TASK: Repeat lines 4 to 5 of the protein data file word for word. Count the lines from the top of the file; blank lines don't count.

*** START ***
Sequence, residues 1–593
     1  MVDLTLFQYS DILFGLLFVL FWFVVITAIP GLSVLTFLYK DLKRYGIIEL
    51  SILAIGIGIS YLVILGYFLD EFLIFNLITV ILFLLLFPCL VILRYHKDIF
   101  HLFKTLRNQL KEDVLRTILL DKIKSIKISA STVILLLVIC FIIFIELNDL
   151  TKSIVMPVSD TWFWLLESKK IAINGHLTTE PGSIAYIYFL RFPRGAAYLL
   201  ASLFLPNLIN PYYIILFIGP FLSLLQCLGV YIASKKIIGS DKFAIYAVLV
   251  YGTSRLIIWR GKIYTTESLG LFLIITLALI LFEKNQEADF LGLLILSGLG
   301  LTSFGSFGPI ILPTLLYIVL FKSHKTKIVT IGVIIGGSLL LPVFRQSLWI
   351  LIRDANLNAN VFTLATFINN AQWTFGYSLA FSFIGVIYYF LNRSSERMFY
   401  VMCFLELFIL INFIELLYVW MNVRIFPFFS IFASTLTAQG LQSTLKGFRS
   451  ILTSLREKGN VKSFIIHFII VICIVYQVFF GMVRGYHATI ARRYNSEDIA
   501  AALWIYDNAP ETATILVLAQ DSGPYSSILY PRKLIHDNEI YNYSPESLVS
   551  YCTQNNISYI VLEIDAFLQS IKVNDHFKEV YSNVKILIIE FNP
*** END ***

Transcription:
   101  HLFKTLRNQL KEDVLRTILL DKIKSIKISA STVILLLVIC FIIFIELNDL
   151  TKSIVMPVSD TWFWLLESKK IAINGHLTTE PGSIAYIYFL RFPRGAAYLL